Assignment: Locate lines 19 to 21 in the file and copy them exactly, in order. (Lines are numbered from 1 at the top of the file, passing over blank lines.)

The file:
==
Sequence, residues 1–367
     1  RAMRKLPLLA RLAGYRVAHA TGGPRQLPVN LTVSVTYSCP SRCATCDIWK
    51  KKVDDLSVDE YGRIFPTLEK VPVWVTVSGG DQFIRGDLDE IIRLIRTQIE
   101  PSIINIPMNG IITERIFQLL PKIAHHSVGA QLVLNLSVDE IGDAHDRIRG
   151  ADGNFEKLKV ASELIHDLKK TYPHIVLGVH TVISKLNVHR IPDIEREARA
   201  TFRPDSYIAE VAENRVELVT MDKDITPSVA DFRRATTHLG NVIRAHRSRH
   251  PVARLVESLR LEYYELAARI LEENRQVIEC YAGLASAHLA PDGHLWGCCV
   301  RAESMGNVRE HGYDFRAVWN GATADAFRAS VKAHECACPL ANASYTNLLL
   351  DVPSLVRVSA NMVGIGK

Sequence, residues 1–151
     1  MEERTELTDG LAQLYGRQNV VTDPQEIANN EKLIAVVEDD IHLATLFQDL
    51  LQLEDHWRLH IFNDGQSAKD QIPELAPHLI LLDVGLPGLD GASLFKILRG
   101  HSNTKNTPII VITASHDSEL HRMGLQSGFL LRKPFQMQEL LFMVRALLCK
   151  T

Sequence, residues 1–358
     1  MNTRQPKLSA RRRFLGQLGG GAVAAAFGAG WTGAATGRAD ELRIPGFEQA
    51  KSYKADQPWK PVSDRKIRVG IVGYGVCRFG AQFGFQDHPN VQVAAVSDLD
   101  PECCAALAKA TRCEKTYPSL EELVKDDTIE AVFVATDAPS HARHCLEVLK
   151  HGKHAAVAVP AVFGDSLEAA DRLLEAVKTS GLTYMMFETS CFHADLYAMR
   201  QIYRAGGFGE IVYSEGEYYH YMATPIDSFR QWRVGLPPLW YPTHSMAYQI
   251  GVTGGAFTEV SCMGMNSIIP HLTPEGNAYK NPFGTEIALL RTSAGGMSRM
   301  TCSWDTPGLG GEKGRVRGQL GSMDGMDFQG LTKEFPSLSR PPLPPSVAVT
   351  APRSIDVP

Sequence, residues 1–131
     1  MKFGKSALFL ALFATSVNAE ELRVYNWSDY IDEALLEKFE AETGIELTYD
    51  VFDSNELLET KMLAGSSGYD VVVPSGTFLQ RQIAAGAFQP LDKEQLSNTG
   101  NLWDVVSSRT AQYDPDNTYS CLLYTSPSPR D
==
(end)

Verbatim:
   151  HGKHAAVAVP AVFGDSLEAA DRLLEAVKTS GLTYMMFETS CFHADLYAMR
   201  QIYRAGGFGE IVYSEGEYYH YMATPIDSFR QWRVGLPPLW YPTHSMAYQI
   251  GVTGGAFTEV SCMGMNSIIP HLTPEGNAYK NPFGTEIALL RTSAGGMSRM